Summary

The S&P 500 and Nasdaq notched their best weekly gains in more than a year on Friday as technology stocks helped lift major indexes to records.

With the New Year’s Day holiday falling on a Monday this year, it was the strongest first four trading days to a year in more than a decade for all three major indices, according to Reuters data. For the Dow, it was the strongest start since 2003 and for the Nasdaq and S&P 500 it was the strongest since 2006.

Last month’s tax reform bill that includes hefty corporate tax cuts helped to fuel late-year gains and was the first major legislative victory in the current administration’s pro-growth agenda in a year.

The equity markets have been adding to the momentum from 2017, driven by a series of strong economic reports from across the globe and expectations for strong fourth-quarter earnings, with all three major indexes hitting milestones in the last few days. The Dow broke above 25,000 for the first time on Thursday, while the S&P closed above 2,700 on Wednesday and the Nasdaq settled above 7,000 earlier in the week.

Job growth slowed more than expected in December, amid a decline in retail employment, however a gain in monthly wages was a harbinger of labor market strength. Non-farm payrolls increased by 148,000 jobs last month, the Labor Department said. The weaker-than-expected December jobs data is indicative of gradual interest rate hikes in 2018 being the norm.

The S&P technology index’s 1.2-percent gain led the advancers among the 11 major S&P sectors, with gains in Microsoft, Apple and Alphabet raising the index. The year’s strong start follows a surprisingly sharp rally in 2017 that ended with the S&P 500 up 19.4 percent on the year.

For the week, the Dow was up 2.3 percent, the S&P 500 chalked up a 2.6 percent gain and the Nasdaq was up 3.4 percent. Those were the largest weekly gains for the S&P and Nasdaq since December of 2016.

Approximately 6.3 billion shares changed hands on the major domestic equity exchanges, the same as the 6.3 billion daily average for the past 20 trading days, according to Thomson Reuters data.

Weaker Jobs Number

Payrolls rose by 148,000, compared with the 190,000 median estimate of economists surveyed by Bloomberg, held back by a drop in retail positions, a Labor Department report showed Friday.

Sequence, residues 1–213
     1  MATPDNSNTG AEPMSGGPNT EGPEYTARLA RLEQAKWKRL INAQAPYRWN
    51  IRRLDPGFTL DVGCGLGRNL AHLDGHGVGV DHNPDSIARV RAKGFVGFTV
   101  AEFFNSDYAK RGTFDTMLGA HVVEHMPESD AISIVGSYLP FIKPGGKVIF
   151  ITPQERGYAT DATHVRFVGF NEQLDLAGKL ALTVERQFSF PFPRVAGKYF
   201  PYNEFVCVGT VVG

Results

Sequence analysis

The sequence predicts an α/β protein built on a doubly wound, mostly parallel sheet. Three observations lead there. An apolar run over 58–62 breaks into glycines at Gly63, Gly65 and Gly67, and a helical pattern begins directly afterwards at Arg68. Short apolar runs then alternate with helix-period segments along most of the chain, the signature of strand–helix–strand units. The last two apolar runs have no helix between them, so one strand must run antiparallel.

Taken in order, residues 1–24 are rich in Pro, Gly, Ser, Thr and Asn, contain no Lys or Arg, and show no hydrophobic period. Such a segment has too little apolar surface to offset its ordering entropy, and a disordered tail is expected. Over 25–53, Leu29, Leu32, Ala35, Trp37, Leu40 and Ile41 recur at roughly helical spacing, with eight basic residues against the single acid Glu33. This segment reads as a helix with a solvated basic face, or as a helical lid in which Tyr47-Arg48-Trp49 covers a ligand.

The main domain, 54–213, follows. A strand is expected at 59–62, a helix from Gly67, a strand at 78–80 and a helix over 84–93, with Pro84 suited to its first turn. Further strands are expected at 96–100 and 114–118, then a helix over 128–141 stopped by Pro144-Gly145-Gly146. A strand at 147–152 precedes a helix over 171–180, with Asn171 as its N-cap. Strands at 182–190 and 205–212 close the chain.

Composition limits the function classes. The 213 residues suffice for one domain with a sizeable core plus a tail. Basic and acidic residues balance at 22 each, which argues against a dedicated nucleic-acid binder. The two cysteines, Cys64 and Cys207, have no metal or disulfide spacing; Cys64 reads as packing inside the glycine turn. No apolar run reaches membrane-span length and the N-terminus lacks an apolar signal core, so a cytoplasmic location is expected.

The jobless rate was at 4.1 percent for a third month, while average hourly earnings increased by 2.5 percent from a year earlier, after a 2.4 percent gain in November that was revised downward.

The job gains, while less than forecast, bring the 2017 total to 2.06 million jobs — below 2016 but slightly more than analysts had been expecting at the start of Donald Trump’s first year as president. With the economy at or near maximum employment, one of the Federal Reserve’s goals, the figures likely keep the Fed on track for continued gradual interest-rate hikes in 2018.

While payroll increases have slowed over the past few years as the labor market tightens, job gains above 100,000 a month could continue downward pressure on the jobless rate.

The breakdown of December data across industries showed solid gains of 30,000 in construction and 25,000 in manufacturing. Retailers cut 20,300 positions during the height of the holiday-shopping season, bringing total gains among service providers to 91,000, down from 176,000 in November.

Revisions to prior reports subtracted a total of 9,000 jobs from payrolls in the previous two months, according to the report. November’s reading was revised upward to 252,000 from 228,000.

Average hourly earnings rose 0.3 percent from the prior month following a downwardly revised 0.1 percent gain, the report showed.

Among other details of the report, the participation rate was unchanged at 62.7 percent in December. The rate, which is hovering near the lowest level since the 1970s, has nevertheless held steady in the past year. Fed Chair Janet Yellen has said that’s a positive sign, because the rate is under downward pressure due to Baby Boomer workers who are retiring.

Steady household demand and a pickup in capital investment, backed by elevated consumer and business sentiment and improving global demand bodes well for employment in 2018.

Time will tell whether the economic strength — along with the $1.5 trillion tax overhaul signed in December — translates into bigger wage gains, which have proven elusive during the expansion.

The Trump administration argues that tax cuts for corporations will help increase productivity and boost pay for rank-and-file employees. That would in turn aid consumer spending, which accounts for about 70 percent of the economy.

The U-6 underemployment rate rose to 8.1 percent from 8 percent; measure includes part-time workers who’d prefer a full-time position and people who want a job but aren’t actively looking.

People working part-time for economic reasons rose by 64,000 to 4.92 million 

Private payrolls rose by 146,000 (median estimate was 193,000) after increasing 239,000; government payrolls advanced by 2,000.

Average workweek for all workers unchanged at 34.5 hours (matching median estimate)

Number of people out of work for 27 weeks or longer, or the so-called long-term unemployed, fell as a share of all jobless to 22.9 percent from 23.9 percent.

In annual revisions to data based on the household survey, the unemployment rate for June 2017 was lowered to 4.3 percent from 4.4 percent; rates for other months during the year were unrevised.